[duhn-bahr for 1; duhn-bahr for 2, 3]
- Paul Laurence,1872–1906, U.S. poet.
- William,c1460–c1520, Scottish poet.
- a town in the Lothian region, in SE Scotland, at the mouth of the Firth of Forth: site of Cromwell's defeat of the Scots 1650.
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Examples from the Web for dunbar
On June 18, 1971, the caucus threw its inaugural dinner at the Dunbar Hotel.When Bill Cosby N-Bombed the Congressional Black Caucus
December 2, 2014
I cut him nigh to the saddle-bow in a skirmish on the eve of Dunbar.Micah Clarke
Arthur Conan Doyle
Mr. Dunbar, the constable, and Mr. Balderby drove straight to the magistrate's house.
Mr. Dunbar flung himself into a low easy-chair, and took up a newspaper.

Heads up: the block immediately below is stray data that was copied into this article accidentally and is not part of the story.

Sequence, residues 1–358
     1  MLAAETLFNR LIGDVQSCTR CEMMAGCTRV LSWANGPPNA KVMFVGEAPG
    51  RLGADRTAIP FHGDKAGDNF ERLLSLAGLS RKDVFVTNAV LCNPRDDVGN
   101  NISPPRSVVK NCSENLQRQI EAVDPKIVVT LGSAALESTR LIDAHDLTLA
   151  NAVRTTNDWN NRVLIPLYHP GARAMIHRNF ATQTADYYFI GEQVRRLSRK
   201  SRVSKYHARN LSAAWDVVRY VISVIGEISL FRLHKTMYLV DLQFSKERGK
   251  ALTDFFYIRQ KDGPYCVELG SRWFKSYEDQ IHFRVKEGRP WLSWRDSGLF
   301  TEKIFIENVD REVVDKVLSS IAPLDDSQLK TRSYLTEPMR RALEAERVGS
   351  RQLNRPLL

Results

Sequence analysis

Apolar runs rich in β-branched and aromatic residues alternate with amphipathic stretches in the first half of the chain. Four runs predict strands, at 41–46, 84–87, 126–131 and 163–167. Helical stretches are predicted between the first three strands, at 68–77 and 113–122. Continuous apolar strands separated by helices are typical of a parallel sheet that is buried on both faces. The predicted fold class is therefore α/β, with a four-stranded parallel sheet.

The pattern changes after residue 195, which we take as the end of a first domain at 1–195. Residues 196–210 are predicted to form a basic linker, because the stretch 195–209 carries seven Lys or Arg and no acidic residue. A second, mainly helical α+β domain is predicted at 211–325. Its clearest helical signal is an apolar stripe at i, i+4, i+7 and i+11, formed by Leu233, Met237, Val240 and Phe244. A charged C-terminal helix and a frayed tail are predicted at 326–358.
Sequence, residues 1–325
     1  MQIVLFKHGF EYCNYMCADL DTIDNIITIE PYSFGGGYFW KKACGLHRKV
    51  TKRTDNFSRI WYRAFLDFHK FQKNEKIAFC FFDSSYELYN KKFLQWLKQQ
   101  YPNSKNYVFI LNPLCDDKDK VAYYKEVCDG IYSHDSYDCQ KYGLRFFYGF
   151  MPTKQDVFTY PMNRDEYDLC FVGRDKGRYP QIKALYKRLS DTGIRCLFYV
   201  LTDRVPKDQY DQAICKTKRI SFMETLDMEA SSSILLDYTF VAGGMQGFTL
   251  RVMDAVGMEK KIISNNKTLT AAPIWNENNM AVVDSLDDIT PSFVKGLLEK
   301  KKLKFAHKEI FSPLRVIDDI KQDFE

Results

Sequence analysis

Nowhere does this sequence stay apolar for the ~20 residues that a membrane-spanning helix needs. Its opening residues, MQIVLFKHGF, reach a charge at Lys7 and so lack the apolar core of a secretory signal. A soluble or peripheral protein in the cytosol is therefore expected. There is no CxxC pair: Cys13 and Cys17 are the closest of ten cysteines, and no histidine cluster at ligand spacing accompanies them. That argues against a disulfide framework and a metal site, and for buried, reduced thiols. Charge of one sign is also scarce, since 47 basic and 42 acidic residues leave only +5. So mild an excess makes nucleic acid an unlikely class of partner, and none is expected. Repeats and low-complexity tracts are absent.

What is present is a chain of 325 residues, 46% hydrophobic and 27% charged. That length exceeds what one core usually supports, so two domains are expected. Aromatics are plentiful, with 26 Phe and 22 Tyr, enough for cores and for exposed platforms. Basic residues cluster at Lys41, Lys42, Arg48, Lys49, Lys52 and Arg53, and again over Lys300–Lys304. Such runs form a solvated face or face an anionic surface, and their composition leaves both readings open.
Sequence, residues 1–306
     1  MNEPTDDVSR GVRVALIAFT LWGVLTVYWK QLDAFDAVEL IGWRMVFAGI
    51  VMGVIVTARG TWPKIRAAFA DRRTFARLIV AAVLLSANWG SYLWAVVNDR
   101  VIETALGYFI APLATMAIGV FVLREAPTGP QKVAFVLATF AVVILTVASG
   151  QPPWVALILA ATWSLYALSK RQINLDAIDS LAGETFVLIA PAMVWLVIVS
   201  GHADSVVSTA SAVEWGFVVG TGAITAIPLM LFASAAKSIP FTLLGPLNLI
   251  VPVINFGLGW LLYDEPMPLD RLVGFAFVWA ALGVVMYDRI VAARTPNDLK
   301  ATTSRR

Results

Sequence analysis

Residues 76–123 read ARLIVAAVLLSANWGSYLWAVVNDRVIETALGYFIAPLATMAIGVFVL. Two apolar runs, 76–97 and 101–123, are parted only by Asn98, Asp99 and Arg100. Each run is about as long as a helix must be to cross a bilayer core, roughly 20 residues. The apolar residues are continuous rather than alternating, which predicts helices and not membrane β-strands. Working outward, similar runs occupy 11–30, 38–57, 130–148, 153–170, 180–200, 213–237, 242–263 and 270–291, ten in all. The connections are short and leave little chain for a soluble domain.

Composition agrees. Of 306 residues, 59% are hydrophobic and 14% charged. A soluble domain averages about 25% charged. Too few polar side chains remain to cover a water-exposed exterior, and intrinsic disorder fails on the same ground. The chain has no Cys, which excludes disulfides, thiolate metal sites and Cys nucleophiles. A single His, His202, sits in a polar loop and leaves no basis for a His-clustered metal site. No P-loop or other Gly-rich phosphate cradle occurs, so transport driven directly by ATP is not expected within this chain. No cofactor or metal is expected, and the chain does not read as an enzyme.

Mr. Dunbar retired to the apartment that had been prepared for him.
And you believe, therefore, that Mr. Dunbar was absent for an hour?
- a port and resort in SE Scotland, in East Lothian: scene of Cromwell's defeat of the Scots (1650). Pop: 6354 (2001)
- William. ?1460–?1520, Scottish poet, noted for his satirical, allegorical, and elegiac works
Collins English Dictionary - Complete & Unabridged 2012 Digital Edition © William Collins Sons & Co. Ltd. 1979, 1986 © HarperCollins Publishers 1998, 2000, 2003, 2005, 2006, 2007, 2009, 2012